Dmitri Medvedev questioned the current independence of the former Soviet republics and later repented

Russian Security Council Vice President Dmitry Medvedev attends a military parade on Victory Day (REUTERS/Maxim Shemetov) (MAXIM SHEMETOV/)

Former Russian President Dmitri Medvedev posted a message on social media questioning the sovereignty of former Soviet countriesbefore deleting the post and attributing it to a “hack”.

The message, on the popular Russian social network VKontakte, he called the former Soviet republic of Kazakhstan an “artificial state” and accused the Central Asian country of committing “genocide” against its Russian population.

The post, shared with 2.2 million Medvedev followers on the platform too said that the Caucasus nation of Georgia “did not exist” before becoming part of the Russian empire in the 19th century.

The message was deleted shortly after it was posted. An aide to the Russian politician, one of President Putin’s closest allies, said the social media account had been “hacked”.

“Vkontakte administrators and (relevant authorities) will deal with those who hacked the page, wrote and posted the deleted post”Medvedev’s aide Oleg Osipov told the news agency RIA Novosti.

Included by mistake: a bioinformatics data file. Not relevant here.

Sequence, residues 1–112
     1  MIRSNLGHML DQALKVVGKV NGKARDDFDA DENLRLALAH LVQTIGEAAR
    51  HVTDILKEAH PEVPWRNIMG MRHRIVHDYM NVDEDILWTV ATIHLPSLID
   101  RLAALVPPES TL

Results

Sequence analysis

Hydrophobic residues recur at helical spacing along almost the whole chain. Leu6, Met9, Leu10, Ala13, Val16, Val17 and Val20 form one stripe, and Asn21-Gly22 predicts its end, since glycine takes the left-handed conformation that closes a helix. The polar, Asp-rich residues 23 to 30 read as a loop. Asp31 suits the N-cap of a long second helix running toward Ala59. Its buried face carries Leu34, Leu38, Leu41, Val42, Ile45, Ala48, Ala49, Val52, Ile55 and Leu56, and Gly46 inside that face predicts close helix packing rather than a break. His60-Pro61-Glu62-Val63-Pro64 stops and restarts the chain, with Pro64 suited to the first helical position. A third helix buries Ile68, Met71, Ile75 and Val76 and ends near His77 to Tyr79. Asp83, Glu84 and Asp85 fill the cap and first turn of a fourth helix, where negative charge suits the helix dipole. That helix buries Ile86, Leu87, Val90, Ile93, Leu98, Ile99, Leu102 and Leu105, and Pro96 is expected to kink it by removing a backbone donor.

Medvedevnow deputy head of the Security Council, was president for a period between 2008 and 2012.

Medvedev is a close ally of President Putin.  (REUTERS/Sergei Karpukhin/File)
Medvedev is a close ally of President Putin. (REUTERS/Sergei Karpukhin/file) (Sergei Karpukhin/)

He was elected to office in hopes of democratic change, but these were shattered when Medvedev gave up his bid for a second term and he swapped posts with then Prime Minister Vladimir Putin.

Since the beginning of Moscow’s military campaign in Ukraine and the unprecedented onslaught of sanctions, the The 56-year-old former lawyer has become increasingly aggressive in his rhetoric and has openly criticized Western countries.

Recently, the former Russian president again threatened the survival of the Ukrainian statenoting that the country “could disappear from the world map.”

“After the 2014 coup, Ukraine lost its state independence and fell under the direct control of the collective West, just as it began to believe that NATO would guarantee its security,” he said. “As a result of all current events, Ukraine may lose what remains of its state sovereignty and disappear from the world map.Medvedev added.

Last monthcalled “degenerates” those who “hate” Russia and promised to work to “make them disappear”, invoked the possibility of nuclear war.

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